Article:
Setting up the MyQNAPcloud is very easy. Once the connection has been established, the App will launch the website (https://www.myqnapcloud.com/) where it will ask you to create an account if you do not have one. I had previously setup an account already with other QNAP NAS so I only have to enter my username and password. Here you can access your own NAS or your friends NAS if they have set up their unit to share with you.
With any browser, you can access the NAS by going to the www.myqnapcloud.com. MyQNAPcloud gives us a few way to access the contents on our NAS. If we click on “Go” next to our NAS and we are presented with the familiar UI to the log in screen like if we were connect to the unit locally. All of the Apps and icons are exactly in the same place. With the MyQNAPClou, we can adjust settings, run some apps such as multimedia station, file station, browsing the files, installing apps, etc. However, not all of the Apps and services can be used remotely. For example, we cannot use Qnotes or Virtualization remotely. Performance is not as fast as we are connected through local LAN as it is partially depended on the network speed but it is acceptable. On a few occasions, we had to refresh the browser for the page to load or had to wait a few extra seconds for the App to respond. Still, overall, the experience is quite good.
Luckily, QNAP also offers another way to interact with the NAS that gives us a quicker response. If you click on the name of the NAS model on the left panel, we are presented with a simpler UI than the full QTS UI that allows we can access files on the shared folders. Here, QNAP stripes off the visual effects that is found on the QTS such as background and the all of the icons and shortcuts. Instead, we are given just the ability to open 1 App at time. The default window is the File Station as it is where most users would probably want to go to access the files. Having just one App or service opened reduces the network traffic and let us quickly access the files on the NAS and adjusting the few commonly used command. Additionally, it is meant to directly launch the supported services without the need to load full QTS. We have the option to control the shared links, setup the access control, select the access mode, and unregister the device.
QNAP Cloudlink also works with mobile Apps as well as QNAP’s software utilities. So, you can access music files, photos, or video stored on the NAS on the smartphone or tablets just as if you are able to on your home network. You can even manage the NAS with QNAP’s own Qmanager App. You just got to download the appropriate Apps either from the Google Play or Apple App Store.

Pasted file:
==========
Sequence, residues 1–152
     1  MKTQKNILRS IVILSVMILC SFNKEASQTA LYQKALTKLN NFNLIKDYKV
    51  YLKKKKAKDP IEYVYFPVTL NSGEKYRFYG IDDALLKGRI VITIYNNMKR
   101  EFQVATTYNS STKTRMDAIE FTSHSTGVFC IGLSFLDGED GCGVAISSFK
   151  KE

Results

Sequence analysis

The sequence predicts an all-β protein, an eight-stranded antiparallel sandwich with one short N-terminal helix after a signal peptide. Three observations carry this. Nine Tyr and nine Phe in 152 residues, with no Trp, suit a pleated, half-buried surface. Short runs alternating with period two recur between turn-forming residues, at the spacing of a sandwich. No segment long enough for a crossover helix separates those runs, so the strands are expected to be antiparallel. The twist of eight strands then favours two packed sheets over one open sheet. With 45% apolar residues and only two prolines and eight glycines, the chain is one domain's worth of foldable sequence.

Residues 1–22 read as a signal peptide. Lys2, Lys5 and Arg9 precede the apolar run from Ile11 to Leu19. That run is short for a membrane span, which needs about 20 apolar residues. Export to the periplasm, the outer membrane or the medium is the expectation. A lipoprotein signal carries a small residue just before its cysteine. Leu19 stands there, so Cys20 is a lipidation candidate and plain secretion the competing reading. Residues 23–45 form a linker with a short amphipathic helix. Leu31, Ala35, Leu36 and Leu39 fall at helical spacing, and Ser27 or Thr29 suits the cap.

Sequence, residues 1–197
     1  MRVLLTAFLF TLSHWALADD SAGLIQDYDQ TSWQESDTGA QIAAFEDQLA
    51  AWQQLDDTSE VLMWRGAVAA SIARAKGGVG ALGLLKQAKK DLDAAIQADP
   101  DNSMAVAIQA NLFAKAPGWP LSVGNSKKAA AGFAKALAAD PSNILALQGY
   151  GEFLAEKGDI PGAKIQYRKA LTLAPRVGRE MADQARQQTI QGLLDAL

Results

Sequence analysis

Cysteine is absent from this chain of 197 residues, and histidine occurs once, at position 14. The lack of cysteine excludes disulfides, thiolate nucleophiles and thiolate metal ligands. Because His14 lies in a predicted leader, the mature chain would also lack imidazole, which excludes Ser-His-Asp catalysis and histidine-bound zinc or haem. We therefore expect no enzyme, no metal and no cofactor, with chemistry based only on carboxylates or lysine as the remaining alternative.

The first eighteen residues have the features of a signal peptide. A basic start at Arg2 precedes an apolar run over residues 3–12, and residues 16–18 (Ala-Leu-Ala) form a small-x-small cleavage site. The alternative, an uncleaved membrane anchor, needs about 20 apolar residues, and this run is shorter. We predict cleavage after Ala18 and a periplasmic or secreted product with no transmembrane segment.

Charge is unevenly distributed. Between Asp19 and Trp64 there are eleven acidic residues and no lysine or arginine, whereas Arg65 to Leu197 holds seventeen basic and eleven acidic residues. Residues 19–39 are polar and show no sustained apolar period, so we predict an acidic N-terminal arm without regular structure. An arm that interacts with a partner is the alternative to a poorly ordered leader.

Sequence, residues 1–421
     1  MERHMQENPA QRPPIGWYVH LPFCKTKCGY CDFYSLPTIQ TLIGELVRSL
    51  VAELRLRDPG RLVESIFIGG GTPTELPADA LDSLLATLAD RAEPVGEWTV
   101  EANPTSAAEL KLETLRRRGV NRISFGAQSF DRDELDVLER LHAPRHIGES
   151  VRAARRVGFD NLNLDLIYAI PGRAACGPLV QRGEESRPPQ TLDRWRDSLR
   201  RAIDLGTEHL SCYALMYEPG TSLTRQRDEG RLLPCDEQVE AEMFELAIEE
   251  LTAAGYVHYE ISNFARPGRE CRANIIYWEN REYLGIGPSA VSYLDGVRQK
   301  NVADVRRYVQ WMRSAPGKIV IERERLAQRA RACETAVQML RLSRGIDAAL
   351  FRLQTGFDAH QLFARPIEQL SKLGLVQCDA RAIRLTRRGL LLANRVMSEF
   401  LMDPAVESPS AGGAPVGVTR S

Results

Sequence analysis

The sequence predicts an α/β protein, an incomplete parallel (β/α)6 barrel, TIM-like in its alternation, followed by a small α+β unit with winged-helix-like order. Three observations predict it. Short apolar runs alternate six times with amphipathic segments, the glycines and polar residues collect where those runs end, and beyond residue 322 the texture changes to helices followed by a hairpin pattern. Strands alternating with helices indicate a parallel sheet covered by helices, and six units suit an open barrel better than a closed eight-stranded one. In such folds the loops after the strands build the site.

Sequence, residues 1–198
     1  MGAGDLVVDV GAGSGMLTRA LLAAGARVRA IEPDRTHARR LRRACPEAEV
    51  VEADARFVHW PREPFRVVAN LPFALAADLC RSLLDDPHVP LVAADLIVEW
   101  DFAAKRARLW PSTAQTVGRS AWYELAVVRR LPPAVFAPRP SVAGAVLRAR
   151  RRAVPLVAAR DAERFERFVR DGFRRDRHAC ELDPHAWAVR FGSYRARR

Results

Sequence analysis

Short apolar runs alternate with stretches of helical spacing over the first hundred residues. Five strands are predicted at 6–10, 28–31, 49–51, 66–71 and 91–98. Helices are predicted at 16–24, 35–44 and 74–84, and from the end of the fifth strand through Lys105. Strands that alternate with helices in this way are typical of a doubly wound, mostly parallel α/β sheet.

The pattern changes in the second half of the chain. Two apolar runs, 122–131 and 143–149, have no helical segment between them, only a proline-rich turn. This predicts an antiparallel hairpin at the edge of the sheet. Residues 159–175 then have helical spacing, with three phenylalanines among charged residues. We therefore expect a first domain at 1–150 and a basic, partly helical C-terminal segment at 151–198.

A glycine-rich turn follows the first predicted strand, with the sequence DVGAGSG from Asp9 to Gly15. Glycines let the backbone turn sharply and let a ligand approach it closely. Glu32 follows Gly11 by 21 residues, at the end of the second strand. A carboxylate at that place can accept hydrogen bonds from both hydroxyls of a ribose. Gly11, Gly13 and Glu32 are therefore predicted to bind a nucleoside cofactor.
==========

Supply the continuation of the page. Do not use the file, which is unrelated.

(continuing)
I got to say, MyQNAPCloud and Cloudlink is very easy to use and setup. It is great to be able to access the files stored on the NAS without having to mess around with much of the settings. The fact that QNAP provides a wide range of ways to interact with the NAS remotely from various devices is great as well.
The Qsirch is a very nice addition to the QNAP NAS as it lets us search the files stored on the NAS quickly. In order to use Qsirch, not only that you need a compatible unit, TS-x51, TS-x53, TS-x63, TS-x70, TS-x71, and TS-EC but also a NAS with at least 2GB of RAM but 4GB is recommended for optimal performance. While some of the QNAP NAS comes with less RAM, for the TS-x71, there is no such issue as the base model comes with 4GB.
When files are added to the NAS, Qsirch will index the files and their metadata just like a search engine so a query can find a result correctly and quickly. The metadata allows us to not just find a file with its name but also words inside a file. The simple UI mimics Google’s search bar and is very easy to use. As soon as we start typing the word, the result will appear under the search bar. We can narrow down the search result by document type, date modified, and file size. Under Setting, we have the ability to also exclude certain folders from being included in the search result. QNAP keeps the history of the search keywords and the search history is send back to QNAP in order to help it to improve the Qsirch. Luckily, we have the ability to disable this under Setting to protect our privacy.
The Qsirch works quite well to help us finding a file stored on the NAS. We like its simple UI and the fact that is pulls the result almost instantaneous like query from a web search engine. We did not notice any slow down or performance issue when doing search or adding a file to the NAS as the unit is indexing the file. Unlike the search under File Station that only search a file name, the search done with the Qsirch is much faster and more inclusive. It is also much quicker than using Window’s search on your NAS folder. So we are glad to see it is included here.